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Washington clinics brace for effects of Idaho's near-total abortion ban

caption: The Idaho State Capitol building in Boise.
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The Idaho State Capitol building in Boise.
Colleen Benelli / Flickr

Clinics in Washington state that provide abortions are bracing for an influx of patients from Idaho, now that most abortions are illegal in that state.

The only exceptions to the ban are cases of rape, incest, and to protect the life of the pregnant person.

A judge ruled on Wednesday that under federal law, providers also have to be allowed to terminate pregnancies if it’s necessary to protect the patient’s health. But it’s on providers to prove that any given abortion fits under one of the exceptions — and if they’re found guilty of “criminal abortion,” providers face two to five years in prison.

That’s the new legal landscape that clinics, advocates, and Washington’s attorney general say will prompt most Idaho residents seeking an abortion to head to Washington or Oregon.

Patients from states like Texas are already heading to clinics in western Washington and Oregon for abortions.

Idaho residents are more likely to head to eastern Washington and Oregon, putting pressure on small communities like Bend and Walla Walla that already have limited health care resources, and potentially causing long waits for Washington state residents seeking abortions.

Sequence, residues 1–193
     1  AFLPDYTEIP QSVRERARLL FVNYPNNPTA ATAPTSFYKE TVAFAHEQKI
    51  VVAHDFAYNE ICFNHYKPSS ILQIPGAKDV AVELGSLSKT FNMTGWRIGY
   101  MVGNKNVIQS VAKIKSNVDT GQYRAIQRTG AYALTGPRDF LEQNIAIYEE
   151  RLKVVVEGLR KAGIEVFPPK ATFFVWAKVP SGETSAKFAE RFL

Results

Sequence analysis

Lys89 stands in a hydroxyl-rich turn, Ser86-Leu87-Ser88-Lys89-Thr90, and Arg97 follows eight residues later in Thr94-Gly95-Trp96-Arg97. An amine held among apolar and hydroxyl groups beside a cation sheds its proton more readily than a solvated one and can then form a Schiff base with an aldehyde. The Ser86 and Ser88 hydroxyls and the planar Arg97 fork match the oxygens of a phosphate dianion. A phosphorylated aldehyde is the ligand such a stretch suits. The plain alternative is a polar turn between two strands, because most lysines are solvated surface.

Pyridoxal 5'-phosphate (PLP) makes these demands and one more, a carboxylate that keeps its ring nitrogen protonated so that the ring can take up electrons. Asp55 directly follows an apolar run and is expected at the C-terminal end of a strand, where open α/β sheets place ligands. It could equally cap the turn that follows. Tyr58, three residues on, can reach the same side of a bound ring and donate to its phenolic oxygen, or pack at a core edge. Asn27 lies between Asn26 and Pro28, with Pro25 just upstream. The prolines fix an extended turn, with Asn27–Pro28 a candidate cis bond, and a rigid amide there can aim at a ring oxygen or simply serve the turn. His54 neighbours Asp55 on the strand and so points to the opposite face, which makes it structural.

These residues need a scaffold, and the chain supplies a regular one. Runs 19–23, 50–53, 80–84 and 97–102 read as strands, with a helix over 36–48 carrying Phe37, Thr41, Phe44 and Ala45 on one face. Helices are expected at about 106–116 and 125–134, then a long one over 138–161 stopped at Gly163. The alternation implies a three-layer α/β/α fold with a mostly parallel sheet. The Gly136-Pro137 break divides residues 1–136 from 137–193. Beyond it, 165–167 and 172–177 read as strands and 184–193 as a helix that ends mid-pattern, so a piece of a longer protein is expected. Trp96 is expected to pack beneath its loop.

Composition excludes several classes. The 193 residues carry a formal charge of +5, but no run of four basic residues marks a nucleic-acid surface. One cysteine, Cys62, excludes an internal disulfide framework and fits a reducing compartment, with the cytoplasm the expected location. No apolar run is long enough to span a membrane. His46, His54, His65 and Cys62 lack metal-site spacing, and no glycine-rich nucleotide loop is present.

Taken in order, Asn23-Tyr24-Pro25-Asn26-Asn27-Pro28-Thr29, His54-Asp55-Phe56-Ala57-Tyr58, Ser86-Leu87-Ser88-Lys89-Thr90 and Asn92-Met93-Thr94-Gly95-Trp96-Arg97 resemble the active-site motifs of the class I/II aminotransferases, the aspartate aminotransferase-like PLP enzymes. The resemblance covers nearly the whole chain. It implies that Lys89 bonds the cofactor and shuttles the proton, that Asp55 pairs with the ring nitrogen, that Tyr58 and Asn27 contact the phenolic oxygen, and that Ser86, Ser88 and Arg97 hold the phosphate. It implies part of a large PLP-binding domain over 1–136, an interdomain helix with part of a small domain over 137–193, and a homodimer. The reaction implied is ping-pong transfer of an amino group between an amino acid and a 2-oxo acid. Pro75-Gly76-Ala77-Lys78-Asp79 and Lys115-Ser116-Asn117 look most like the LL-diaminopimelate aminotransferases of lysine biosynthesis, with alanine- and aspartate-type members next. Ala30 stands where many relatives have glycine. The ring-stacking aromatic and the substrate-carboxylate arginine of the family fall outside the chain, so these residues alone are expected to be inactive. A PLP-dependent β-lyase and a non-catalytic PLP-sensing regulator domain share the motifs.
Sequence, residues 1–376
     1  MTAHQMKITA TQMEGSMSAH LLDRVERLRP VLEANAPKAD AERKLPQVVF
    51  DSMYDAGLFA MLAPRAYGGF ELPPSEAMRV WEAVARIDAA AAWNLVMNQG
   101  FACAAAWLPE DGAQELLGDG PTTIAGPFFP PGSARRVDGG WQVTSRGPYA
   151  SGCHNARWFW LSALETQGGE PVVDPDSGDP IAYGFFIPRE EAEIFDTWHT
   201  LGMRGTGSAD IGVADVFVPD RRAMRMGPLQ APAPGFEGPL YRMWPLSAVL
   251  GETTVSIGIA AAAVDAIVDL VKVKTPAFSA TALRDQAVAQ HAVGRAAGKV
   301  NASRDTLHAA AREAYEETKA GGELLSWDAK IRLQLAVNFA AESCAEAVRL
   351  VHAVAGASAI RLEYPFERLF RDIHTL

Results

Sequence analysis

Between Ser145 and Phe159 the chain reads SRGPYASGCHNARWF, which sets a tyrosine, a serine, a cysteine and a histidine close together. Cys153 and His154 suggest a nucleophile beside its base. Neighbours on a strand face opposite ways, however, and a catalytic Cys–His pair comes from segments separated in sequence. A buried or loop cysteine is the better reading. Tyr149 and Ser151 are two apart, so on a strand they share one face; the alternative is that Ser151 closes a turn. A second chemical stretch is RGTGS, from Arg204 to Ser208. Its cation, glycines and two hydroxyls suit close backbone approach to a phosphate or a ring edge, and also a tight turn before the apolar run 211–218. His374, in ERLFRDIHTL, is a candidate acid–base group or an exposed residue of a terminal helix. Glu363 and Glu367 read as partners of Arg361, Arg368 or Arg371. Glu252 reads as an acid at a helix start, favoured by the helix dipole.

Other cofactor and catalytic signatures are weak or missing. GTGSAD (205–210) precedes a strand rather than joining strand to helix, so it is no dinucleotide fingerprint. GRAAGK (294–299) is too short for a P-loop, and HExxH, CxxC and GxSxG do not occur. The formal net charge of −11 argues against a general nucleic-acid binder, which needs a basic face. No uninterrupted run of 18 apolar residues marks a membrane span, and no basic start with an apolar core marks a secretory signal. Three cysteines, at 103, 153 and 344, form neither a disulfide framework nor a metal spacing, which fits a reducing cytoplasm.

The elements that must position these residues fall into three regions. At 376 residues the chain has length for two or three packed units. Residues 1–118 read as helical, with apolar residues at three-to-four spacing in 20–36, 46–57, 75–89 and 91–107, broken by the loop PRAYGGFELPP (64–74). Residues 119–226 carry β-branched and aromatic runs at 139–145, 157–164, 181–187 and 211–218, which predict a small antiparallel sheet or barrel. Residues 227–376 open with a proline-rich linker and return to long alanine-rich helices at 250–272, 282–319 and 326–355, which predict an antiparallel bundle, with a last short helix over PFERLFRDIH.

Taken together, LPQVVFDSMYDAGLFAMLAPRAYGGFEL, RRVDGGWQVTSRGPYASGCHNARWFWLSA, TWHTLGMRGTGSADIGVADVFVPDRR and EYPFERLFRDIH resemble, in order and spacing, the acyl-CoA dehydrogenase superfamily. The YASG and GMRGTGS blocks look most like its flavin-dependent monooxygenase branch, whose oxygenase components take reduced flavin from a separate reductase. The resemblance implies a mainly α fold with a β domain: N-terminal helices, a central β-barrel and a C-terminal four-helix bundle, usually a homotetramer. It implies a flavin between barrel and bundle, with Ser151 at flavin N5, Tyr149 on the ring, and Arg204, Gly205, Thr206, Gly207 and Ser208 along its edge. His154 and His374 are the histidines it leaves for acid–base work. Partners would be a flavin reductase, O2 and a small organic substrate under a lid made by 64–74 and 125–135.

“It’s hard to grapple with the reality of how things are going to change,” said Iris Alatorre, with the Northwest Abortion Access Fund. “I can’t even begin to imagine how our abortion providers are going to have the capacity to take all of that on.”

Waiting extra days or weeks for an abortion can be emotionally difficult and also expensive, because later abortions cost more.

Many abortions are now done with the medications Mifepristone and Misoprostol. But it’s not legal to prescribe those drugs across state lines via telemedicine, so Idaho residents will still have to travel out of state to obtain the pills legally.

That said, it is possible to obtain the pills online illegally, and advocates expect some Idaho residents might choose that path.

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